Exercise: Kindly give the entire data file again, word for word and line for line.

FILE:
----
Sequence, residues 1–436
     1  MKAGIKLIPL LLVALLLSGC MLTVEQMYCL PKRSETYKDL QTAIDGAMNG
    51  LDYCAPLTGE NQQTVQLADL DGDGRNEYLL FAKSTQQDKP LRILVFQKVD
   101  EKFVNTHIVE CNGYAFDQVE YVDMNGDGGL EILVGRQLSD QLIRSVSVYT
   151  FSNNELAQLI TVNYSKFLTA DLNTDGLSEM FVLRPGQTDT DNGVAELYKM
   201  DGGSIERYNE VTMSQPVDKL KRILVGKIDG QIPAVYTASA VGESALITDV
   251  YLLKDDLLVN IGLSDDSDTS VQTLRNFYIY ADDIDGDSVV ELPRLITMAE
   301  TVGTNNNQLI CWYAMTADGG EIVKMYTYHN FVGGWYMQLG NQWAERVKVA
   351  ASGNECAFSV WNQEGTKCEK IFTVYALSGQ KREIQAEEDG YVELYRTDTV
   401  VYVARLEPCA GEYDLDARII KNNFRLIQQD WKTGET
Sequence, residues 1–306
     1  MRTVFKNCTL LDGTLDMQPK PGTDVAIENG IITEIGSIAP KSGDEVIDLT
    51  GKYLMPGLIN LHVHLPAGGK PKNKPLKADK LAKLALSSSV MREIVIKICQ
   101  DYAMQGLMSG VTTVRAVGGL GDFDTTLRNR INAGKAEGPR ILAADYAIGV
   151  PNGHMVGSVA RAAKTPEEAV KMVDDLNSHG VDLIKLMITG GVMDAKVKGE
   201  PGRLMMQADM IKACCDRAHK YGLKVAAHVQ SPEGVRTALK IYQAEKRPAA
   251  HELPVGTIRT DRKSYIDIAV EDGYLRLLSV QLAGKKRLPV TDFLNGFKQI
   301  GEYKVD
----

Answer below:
Sequence, residues 1–436
     1  MKAGIKLIPL LLVALLLSGC MLTVEQMYCL PKRSETYKDL QTAIDGAMNG
    51  LDYCAPLTGE NQQTVQLADL DGDGRNEYLL FAKSTQQDKP LRILVFQKVD
   101  EKFVNTHIVE CNGYAFDQVE YVDMNGDGGL EILVGRQLSD QLIRSVSVYT
   151  FSNNELAQLI TVNYSKFLTA DLNTDGLSEM FVLRPGQTDT DNGVAELYKM
   201  DGGSIERYNE VTMSQPVDKL KRILVGKIDG QIPAVYTASA VGESALITDV
   251  YLLKDDLLVN IGLSDDSDTS VQTLRNFYIY ADDIDGDSVV ELPRLITMAE
   301  TVGTNNNQLI CWYAMTADGG EIVKMYTYHN FVGGWYMQLG NQWAERVKVA
   351  ASGNECAFSV WNQEGTKCEK IFTVYALSGQ KREIQAEEDG YVELYRTDTV
   401  VYVARLEPCA GEYDLDARII KNNFRLIQQD WKTGET
Sequence, residues 1–306
     1  MRTVFKNCTL LDGTLDMQPK PGTDVAIENG IITEIGSIAP KSGDEVIDLT
    51  GKYLMPGLIN LHVHLPAGGK PKNKPLKADK LAKLALSSSV MREIVIKICQ
   101  DYAMQGLMSG VTTVRAVGGL GDFDTTLRNR INAGKAEGPR ILAADYAIGV
   151  PNGHMVGSVA RAAKTPEEAV KMVDDLNSHG VDLIKLMITG GVMDAKVKGE
   201  PGRLMMQADM IKACCDRAHK YGLKVAAHVQ SPEGVRTALK IYQAEKRPAA
   251  HELPVGTIRT DRKSYIDIAV EDGYLRLLSV QLAGKKRLPV TDFLNGFKQI
   301  GEYKVD